BY TEJA GERKEN / Excerpted from the March 2007 Issue of Acoustic Guitar; reprinted in the September/October 2020 issue of AG.
In the history of the fingerstyle genre, John Renbourn is perhaps the most influential guitarist still actively performing. Whether as a solo artist, playing duets (most famously with Bert Jansch in the 1960s and later with Stefan Grossman), leading his own group, or as a founding member of the seminal British folk-jazz ensemble Pentangle, Renbourn’s playing has left a profound imprint on the modern landscape of acoustic music.
Born in London, in 1944, Renbourn was introduced to music by his mother, who played classical piano. Although he studied classical guitar in school, Renbourn’s hands-on involvement with music began in earnest during England’s skiffle craze of the late 1950s, eventually leading to a stint playing electric guitar in a band called Hog Snort Rupert’s Famous Porkestra. Attending London’s Kingston College of Art in the early ’60s, Renbourn became involved with a group of students (including Eric Clapton and cohorts, who eventually formed the Yardbirds) more interested in blues and rock ’n’ roll than painting.
While some of his contemporaries were reinventing electric blues, Renbourn became interested in fusing American fingerpicking blues influences with the sounds found in the flourishing British folk revival. Heavily influenced by Davey Graham and Shirley Collins’ 1964 release Folk Roots, New Routes, Renbourn began performing with American singer Dorris Henderson, with whom he made his recording debut, 1965’s There You Go! Later the same year, his self-titled solo LP was released on Transatlantic Records, making it one of the earliest recordings featuring solo steel-string guitar instrumentals. Among them was “Judy,” a tune that borrowed heavily from Graham’s composition “Anji” in its contrapuntal movements, and which is still in Renbourn’s repertoire today.
Countless hours of playing with his flat-mate Bert Jansch led to the legendary collaborations between the two guitarists. Released in 1966, Bert and John remains required listening for anyone interested in tackling steel-string duets. Already at the center of London’s thriving folk-music scene, Renbourn and Jansch decided to expand their musical lineup. Vocalist Jacqui McShee had made an appearance on Renbourn’s solo debut, and bluesman Alexis Korner, with whom Renbourn and Jansch often jammed, introduced them to Danny Thompson (bass) and Terry Cox (drums). The five joined together as the Pentangle and devised a melting pot of folk, jazz, blues, and world music (Renbourn even played sitar on some tracks). The band enjoyed huge success between 1968 and 1973, when it broke up; decades later, it’s impossible to discuss folk-jazz fusion without mentioning the quintet.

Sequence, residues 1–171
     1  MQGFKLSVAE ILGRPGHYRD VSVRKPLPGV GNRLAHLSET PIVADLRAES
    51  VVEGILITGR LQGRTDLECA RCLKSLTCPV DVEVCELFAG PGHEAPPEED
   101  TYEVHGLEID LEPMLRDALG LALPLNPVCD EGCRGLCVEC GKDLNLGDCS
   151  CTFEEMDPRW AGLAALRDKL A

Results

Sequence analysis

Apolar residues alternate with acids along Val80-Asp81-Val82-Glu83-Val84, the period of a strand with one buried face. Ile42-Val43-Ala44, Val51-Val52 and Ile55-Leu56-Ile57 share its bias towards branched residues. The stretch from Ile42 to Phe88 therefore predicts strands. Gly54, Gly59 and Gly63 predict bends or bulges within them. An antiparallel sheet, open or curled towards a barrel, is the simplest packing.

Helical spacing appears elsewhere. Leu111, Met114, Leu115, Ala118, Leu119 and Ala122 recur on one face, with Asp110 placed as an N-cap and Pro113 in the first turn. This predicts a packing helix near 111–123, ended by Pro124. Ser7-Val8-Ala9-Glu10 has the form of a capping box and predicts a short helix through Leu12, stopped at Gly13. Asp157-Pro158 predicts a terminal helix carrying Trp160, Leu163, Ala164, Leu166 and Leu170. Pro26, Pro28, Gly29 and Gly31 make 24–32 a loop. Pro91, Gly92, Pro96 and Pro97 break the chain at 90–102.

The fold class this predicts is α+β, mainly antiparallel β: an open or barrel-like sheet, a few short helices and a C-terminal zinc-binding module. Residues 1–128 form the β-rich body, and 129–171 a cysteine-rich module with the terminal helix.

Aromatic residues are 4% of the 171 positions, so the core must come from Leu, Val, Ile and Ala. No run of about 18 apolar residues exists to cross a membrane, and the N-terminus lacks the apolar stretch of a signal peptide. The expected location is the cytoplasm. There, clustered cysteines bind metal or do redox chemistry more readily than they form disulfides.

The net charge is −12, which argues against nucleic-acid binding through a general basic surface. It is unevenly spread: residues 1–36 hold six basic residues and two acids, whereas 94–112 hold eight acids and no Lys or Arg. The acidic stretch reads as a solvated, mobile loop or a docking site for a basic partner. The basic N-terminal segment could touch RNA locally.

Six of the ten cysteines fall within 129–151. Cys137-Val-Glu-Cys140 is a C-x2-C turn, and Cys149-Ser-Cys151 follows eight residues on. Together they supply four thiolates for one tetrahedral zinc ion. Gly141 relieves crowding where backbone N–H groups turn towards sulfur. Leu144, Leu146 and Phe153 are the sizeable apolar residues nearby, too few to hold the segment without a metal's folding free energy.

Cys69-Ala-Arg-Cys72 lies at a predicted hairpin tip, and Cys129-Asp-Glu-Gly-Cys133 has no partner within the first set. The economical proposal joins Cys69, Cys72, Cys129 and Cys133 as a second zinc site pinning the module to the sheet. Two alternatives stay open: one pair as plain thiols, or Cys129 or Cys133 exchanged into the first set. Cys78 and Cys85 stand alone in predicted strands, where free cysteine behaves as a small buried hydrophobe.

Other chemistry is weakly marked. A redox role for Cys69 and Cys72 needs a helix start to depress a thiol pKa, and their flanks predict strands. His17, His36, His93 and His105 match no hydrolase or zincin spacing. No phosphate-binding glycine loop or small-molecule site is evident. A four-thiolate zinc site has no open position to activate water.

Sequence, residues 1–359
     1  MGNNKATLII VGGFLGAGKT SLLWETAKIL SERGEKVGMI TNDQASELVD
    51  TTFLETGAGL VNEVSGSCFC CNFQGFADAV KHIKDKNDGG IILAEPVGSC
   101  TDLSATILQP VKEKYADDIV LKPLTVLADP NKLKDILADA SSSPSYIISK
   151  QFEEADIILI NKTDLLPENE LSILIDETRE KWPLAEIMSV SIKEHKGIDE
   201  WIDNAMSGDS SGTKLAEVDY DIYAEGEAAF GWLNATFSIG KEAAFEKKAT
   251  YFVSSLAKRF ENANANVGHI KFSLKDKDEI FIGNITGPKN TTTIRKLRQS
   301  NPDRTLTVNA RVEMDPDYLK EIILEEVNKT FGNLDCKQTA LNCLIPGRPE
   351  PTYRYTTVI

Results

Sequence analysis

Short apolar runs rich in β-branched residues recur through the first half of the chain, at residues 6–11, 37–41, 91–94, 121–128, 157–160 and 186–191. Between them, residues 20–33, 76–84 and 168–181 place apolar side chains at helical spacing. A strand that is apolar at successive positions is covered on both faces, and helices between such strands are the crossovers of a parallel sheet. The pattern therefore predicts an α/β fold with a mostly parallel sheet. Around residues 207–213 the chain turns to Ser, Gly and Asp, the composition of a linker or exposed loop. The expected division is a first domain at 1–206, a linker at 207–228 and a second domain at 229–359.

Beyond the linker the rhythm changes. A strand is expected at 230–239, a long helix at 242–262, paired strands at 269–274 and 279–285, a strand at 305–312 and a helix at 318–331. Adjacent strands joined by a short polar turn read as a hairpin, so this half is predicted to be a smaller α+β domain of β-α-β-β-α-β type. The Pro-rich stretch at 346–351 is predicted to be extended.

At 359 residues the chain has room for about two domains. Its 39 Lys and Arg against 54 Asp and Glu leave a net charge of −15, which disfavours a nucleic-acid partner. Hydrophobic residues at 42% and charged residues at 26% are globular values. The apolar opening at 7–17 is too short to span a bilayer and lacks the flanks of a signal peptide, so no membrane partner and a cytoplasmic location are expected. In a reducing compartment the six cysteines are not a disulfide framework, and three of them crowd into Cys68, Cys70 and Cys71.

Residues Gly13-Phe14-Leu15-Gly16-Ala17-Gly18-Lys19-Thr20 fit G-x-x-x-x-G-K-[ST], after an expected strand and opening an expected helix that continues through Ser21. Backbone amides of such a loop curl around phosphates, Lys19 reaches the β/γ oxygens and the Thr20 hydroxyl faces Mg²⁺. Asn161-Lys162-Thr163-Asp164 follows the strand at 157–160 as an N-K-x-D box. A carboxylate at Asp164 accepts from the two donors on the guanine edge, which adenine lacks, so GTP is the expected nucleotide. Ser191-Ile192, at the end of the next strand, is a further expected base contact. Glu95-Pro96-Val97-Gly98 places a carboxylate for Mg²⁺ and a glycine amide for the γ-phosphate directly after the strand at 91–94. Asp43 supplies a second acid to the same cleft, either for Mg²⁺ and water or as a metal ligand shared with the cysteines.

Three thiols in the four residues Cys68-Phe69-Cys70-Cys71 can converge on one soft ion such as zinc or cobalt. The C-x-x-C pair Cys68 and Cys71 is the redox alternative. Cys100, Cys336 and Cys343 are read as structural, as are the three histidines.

Now living in rural Scotland, Renbourn continues to tour the globe, mostly solo, but recently also in a duo with McShee. Although his most recent studio recording, Traveller’s Prayer, was released in 1998, and his live shows—represented by the recording John Renbourn Live in Italy, which came out in 2006—focus on an established repertoire, he continues to work on new material, in particular arrangements of early music composers, including John Dowling. I met Renbourn last July in Occidental, California, where our interview was followed by a dinner of salmon and abalone—caught the previous day by Renbourn’s U.S. booking agent, Matthew Greenhill of Folklore Productions—under a star-filled summer sky.
You’ve been around the fingerstyle guitar community as long as anyone. How do you think the scene has changed in the last 30 or 40 years?
Some of the first fingerstyle players I heard were British people who were copying the American fingerpickers. The first wave of people to actually do that style of playing were revivalist players, among them Ramblin’ Jack Elliott. Jack made some records that included Gary Davis’ “Cocaine” and maybe “Railroad Bill.” So he’d listened to Etta Baker, Elizabeth Cotten, and Reverend Gary Davis, whom nobody had ever heard of in England. And Peggy Seeger played “Freight Train,” and it was a hit—not by her, unfortunately, but by a skiffle group. But it made people aware of that old style of picking. In Britain, hardly anyone could play that way, and it was a bit of a revelation. A few guys got hold of the older, American-based style, but it was a real minority thing. It has expanded to an unbelievable degree! I was about 14 when I first heard that kind of stuff. Now I’m 62, and everybody I meet has taken it in an amazing direction. It’s just lovely that it has gone on and developed.